News & Trends

Status of animal testing with China's new cosmetics regulations

Publish DateJun 24, 2021

The question is not, Can they reason?, nor, Can they talk? but, Can they suffer? - Jeremy Bentham, the founder of modern utilitarianism

The fundamental principle of the modern animal rights movement centers on recognizing, considering, and protecting the basic interest of nonhuman animals. Animal rights activists have stressed the suffering and pain inflicted by the billions and tens of millions spent on factory farms and biomedical research laboratories time and again.

By the beginning of the 20th century, lawsuits in the interest of animal rights and animal protection became common.

Animal testing is a controversial topic. Public opinion of it is divisive and complex. Whether drugs should be tested on animals before giving to humans causes many debates. But the opposition against animal testing for beauty products has grown stronger more than ever.

China’s new cosmetics regulations, which took effect January 1, 2021, bring hope to animal lovers. China’s National Medical Products Administration (NMPA) replaced the former Cosmetics Hygiene Supervision Regulations (CHSR) of 1990 with the Cosmetic Supervision and Administration Regulation (CSAR) for better quality control.

Till 2020, animal testing was mandatory for all imported cosmetics. Companies interested in exporting products to China had to pay for animal tests for cosmetics and other personal-care products.

Meanwhile, PETA (People for the Ethical Treatment of Animals) collaborated with Chinese scientists to set up animal-free testing laboratories in China and raise awareness regarding animal suffering.

With the new regulation, Cosmetic Supervision and Administration Regulation (CSAR), China’s National Medical Products Administration (NMPA) has categorized cosmetics into two broad categories: special cosmetics and general cosmetics.

The regulation no longer requires animal testing for imported cosmetics that fall under ‘general’ cosmetics.

Below is a list of frequently asked questions on animal testing in China.

Is animal testing banned in China?

The answer is no. Animal testing is neither banned nor made illegal in China. The new regulations have lifted the earlier mandatory requirement for animal testing of all imported cosmetics. Now, animal testing is required for a particular group of cosmetics: special cosmetics.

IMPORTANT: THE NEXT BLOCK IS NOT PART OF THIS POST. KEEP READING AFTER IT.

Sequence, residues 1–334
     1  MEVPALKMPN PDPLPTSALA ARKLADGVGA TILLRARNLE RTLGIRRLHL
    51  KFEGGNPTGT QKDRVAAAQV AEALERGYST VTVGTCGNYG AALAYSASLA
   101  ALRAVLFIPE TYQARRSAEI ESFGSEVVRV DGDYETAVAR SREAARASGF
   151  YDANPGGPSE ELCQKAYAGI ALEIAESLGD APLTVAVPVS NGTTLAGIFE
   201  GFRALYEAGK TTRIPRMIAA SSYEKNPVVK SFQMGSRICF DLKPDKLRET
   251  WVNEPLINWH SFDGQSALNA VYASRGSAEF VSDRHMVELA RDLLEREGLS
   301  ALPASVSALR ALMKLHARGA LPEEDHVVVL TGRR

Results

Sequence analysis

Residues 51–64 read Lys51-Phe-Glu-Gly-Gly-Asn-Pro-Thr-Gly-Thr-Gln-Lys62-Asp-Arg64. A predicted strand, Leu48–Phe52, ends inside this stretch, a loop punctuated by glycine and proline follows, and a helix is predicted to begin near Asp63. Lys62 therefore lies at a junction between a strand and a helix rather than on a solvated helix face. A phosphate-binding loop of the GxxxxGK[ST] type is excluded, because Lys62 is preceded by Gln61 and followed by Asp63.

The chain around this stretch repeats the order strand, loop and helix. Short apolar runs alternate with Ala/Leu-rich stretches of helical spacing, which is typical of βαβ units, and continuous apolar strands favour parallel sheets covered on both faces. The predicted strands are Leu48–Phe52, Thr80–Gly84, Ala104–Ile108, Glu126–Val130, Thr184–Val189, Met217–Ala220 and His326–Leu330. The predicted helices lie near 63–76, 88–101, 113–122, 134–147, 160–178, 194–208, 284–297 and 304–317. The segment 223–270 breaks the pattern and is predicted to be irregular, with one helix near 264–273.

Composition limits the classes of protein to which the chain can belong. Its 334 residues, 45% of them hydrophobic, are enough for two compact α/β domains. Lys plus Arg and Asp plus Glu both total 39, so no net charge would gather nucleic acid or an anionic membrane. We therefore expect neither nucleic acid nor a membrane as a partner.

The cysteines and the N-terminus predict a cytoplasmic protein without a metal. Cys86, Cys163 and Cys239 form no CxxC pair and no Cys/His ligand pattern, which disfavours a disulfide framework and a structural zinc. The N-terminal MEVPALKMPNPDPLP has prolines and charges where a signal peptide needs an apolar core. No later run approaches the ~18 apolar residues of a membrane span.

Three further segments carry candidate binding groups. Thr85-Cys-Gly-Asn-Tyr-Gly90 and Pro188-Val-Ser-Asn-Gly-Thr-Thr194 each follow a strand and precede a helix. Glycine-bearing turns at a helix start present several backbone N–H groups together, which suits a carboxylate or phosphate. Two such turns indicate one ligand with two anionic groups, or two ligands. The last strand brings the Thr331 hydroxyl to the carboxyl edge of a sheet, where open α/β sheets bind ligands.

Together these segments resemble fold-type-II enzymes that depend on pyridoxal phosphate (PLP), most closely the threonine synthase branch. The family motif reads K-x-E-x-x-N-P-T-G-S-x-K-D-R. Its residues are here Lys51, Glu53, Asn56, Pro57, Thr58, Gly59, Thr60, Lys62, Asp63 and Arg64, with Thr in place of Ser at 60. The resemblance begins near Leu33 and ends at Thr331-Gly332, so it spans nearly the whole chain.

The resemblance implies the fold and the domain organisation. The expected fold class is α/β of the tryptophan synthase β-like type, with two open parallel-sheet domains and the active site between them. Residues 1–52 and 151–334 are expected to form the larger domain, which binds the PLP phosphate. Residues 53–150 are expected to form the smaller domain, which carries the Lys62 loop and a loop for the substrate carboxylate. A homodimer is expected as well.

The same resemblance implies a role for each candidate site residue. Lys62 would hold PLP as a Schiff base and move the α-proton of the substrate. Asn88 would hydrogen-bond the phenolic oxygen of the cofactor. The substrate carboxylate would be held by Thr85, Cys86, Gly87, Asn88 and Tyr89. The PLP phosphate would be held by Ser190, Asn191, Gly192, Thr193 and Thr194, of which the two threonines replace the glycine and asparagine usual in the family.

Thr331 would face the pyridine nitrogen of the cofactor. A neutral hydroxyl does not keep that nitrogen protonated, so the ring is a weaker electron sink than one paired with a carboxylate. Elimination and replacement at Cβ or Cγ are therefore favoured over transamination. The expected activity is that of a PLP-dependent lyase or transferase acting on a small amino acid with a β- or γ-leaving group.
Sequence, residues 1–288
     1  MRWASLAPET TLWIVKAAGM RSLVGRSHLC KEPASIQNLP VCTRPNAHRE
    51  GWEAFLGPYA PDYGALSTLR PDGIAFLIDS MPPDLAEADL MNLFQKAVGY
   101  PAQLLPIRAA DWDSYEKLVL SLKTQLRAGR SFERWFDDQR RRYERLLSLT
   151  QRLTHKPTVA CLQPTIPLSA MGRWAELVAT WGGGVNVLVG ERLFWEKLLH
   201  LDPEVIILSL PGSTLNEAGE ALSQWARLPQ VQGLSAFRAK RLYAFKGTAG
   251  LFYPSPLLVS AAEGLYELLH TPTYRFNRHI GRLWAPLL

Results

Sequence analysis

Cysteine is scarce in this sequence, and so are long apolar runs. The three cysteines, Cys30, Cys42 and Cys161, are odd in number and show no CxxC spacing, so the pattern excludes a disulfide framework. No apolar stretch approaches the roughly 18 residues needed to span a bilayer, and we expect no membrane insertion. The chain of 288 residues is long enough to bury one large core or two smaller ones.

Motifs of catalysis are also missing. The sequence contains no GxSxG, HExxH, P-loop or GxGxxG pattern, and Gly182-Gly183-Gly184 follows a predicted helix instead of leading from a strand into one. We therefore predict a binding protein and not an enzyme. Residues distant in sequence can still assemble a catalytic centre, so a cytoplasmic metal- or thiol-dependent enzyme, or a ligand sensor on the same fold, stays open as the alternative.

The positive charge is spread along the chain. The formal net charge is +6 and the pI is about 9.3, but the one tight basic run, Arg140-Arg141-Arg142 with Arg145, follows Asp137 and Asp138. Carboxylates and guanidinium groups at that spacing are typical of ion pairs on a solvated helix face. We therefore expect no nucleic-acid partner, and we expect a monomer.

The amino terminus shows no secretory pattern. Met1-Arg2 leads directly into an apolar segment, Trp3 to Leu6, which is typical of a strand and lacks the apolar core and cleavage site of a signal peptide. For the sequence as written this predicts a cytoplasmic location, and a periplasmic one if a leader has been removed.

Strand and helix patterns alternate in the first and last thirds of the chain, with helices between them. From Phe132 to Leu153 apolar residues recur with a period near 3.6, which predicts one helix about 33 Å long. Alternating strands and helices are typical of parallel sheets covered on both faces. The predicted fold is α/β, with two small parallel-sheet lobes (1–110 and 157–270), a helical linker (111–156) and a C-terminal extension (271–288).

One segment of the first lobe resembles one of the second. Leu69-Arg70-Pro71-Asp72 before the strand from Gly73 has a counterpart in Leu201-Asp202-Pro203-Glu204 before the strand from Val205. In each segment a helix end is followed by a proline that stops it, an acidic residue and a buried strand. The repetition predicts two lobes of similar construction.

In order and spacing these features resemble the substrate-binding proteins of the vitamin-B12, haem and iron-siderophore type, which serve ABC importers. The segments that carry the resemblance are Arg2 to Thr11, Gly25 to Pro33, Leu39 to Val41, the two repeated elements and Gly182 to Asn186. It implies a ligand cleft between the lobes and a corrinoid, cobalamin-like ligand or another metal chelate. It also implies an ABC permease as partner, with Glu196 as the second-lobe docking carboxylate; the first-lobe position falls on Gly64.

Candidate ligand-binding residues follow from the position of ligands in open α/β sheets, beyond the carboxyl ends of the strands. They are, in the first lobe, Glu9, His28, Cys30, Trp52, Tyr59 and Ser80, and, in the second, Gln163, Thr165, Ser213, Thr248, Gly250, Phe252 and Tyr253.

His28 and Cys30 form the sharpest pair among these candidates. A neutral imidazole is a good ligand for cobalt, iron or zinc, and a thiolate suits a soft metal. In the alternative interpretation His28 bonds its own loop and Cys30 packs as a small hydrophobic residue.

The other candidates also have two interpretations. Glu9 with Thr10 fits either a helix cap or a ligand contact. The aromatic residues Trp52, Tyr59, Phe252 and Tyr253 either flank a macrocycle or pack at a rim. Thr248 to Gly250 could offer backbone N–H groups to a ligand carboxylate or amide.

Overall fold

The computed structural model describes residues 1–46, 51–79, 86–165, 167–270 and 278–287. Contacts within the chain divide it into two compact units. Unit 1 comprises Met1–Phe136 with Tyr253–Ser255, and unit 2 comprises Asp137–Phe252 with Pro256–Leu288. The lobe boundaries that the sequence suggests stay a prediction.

What are ‘general’ and ‘special’ cosmetics?

General cosmetics, also referred to as non-special cosmetics, don’t require mandatory animal testing. It includes various products - skincare, haircare, nail care, makeup, and fragrance.

“Special use” cosmetics has five categories with one distinct category: hair dyes; products for hair perming; freckle-removing/whitening products; sunscreens; cosmetics “claiming new efficacy.”

What are the conditions for the exemption?

For exemption, brands exporting general cosmetics to China will have to produce good manufacturing practices (GMP) certificated issued by relevant authorities of their country of origin with detailed safety assessments carried by experienced assessors.

However, animal testing is required for products:

·         Targeting infants and children

·         Using new cosmetic ingredients under the three-year monitoring period

·         Getting listed as a critical supervision target on NMPA’s quantitative rating system

For special cosmetics, brands will have to continue to pay for animal testing for their products.

What happens if your documents for exemption are unqualified?

Companies unable to pass the exemption requirements due to lack of valid documentation will have to pay for animal testing in China - the old way.

How does the future look like?

Uplifting of mandate animal testing will open doors for cruelty-free international brands.

This is a win-win situation for the brands and millions of Chinese consumers who form the world’s second-largest cosmetics market.

Although animal testing is not yet banned in China, this is an important move towards a better future.

The use of animal testing for beauty enhancement has been criticized by many.

Author: Somrita Ganchoudhuri

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